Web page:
But what about purchases for social status, like clothes and cars and houses?

“Some people want a big house and a brand new car, and that’s cool. We just want to stop working at an earlier age instead.” This is usually the line we use when people start asking questions about other big life goals that people commonly have.

For starters, we don’t really want these things for ourselves. Sarah and I both like the house we have now. Sarah and I both drive cars that are several years old (at least) and have well over 100,000 miles on them. Sarah and I aren’t big wardrobe spenders, either; even her professional wardrobe is purchased pretty frugally.

We don’t really want these things to impress other people, either. To put it quite simply, we don’t have social status as a goal in pretty much any way. It’s not something we think about or care about or value.

It’s one of those maxims that’s repeated again and again in personal finance books. Stop caring what other people think. The thing is, when you really take that to heart, it becomes very easy to live a really frugal life.

“It’s absolutely possible. It just requires a strong commitment over a lot of years.” Sometimes people express complete incredulity about whether our plan is even possible, and this is our typical response. It’s not easy to do it, but it certainly is possible if you take the long approach.

My experience has shown me that people who believe that financial independence is an impossible goal are usually aware that it can actually be done, but that most people aren’t going to make the choices necessary to make it happen. It takes a long term commitment to a fairly high level of frugality, something that modern culture doesn’t really view all that fondly.

In other words, it seems just different enough than the way everyone does things that it appears prohibitively difficult, and when people make seemingly prohibitively difficult choices with their life, other people often react with confusion.

“Health care exchanges and, eventually, Medicare will provide the health care options we need.” When people start digging into the nuts and bolts of the choices that we’re making, one issue that comes up all the time is health care. How will you guys handle health care if you walk away from the workplace?

That simple answer sums up our plans. If we find ourselves in a situation where we’re not employed with a health care plan, we plan to simply take advantage of state health care exchanges to get the health care we need. Sarah is in great health and my only ongoing health condition is my thyroid condition which is addressed pretty well with a single daily Synthroid dosage.

Health care will undoubtedly be an expense for us in the future, but it is something we are accounting for in terms of how much we are saving.

“College costs are going to be high no matter what we do, but spending money just so they appear better on the FAFSA doesn’t strike us as a smart plan.” We’re often asked about our plans for our children regarding their eventual college experiences. Are we going to help them with college? Are our savings going to be used to write fat private college checks for them?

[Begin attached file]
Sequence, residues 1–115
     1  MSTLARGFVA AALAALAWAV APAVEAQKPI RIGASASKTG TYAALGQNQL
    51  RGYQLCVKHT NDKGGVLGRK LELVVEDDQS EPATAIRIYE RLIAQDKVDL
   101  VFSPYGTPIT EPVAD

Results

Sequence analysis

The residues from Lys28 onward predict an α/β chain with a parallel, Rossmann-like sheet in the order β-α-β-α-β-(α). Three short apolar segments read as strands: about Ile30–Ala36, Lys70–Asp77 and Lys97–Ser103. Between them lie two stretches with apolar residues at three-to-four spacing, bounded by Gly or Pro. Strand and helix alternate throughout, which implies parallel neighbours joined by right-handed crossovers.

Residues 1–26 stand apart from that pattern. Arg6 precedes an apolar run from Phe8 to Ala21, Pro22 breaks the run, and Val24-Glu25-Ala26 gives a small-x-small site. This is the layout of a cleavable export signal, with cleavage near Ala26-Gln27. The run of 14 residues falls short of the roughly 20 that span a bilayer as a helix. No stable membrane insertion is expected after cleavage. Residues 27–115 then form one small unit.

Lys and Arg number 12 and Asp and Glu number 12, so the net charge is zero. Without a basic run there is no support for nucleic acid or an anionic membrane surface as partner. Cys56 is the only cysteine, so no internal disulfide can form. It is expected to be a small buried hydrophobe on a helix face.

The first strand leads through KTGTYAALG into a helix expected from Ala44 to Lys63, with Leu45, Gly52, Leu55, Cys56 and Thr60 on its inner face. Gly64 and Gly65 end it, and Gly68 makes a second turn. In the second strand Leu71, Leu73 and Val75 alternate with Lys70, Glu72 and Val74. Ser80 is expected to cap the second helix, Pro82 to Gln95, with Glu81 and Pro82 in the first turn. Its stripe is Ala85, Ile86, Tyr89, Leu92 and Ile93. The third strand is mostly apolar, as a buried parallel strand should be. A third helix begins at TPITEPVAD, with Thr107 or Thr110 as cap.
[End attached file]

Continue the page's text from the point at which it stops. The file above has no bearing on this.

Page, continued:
We plan on helping them with college, but we don’t plan on paying for four years of education for them at an expensive private liberal arts school. Instead, we are saving for their college experience using a 529 college savings plan for each of them. We don’t plan on helping them beyond the contents of that savings.

Why not? Why wouldn’t we pay for their college if we have the means? Our feeling is that if we just cut a check for their college experience, it devalues that experience. They don’t see the value of it because they’ve never had to put anything on the line for it. Understanding that is a maturity issue of course, but it’s one that we’re already discussing with our children.

Final Thoughts

The most important thing to remember about these kinds of conversations around the dinner table is that they’re rarely done with maliciousness or anger or negative feelings in mind. Most of the time, questions and comments come up as a result of genuine curiosity or, sometimes, concern over the path that you’re choosing.

Yes, those feelings are often fed by the life history of the person who’s asking the questions, but that doesn’t mean they come from a negative place. It simply means that their life history is telling them that what you’re suggesting is fraught with risk and uncertainty that you might not be seeing.

If you find that your extended family is asking a lot of tough questions about your financial path around the holiday dinner table, don’t take it as an interrogation. Instead, take it as a sign of concern, but also take it as a chance to explain and educate others about financial independence and smart financial choices.

No matter what financial path you’re on, be aware that if you’re trying for anything other than paycheck-to-paycheck living, you’re in a relatively small minority. Less than a quarter of Americans are in good enough financial shape to be able to survive without their next couple of paychecks. To be able to do even that means that you’re a fairly rare bird. Taking it further, to the point of financial independence, is highly unusual.

So don’t be upset when people ask questions and have comments. You’re doing something unusual, and the holiday table is giving you an opportunity to share why you’re doing it.

Just be sure to ignore that cousin of yours who’s had a few too many drinks and is informing you that all of your financial plans will be wrecked by his conspiracy theory du jour.

Good luck.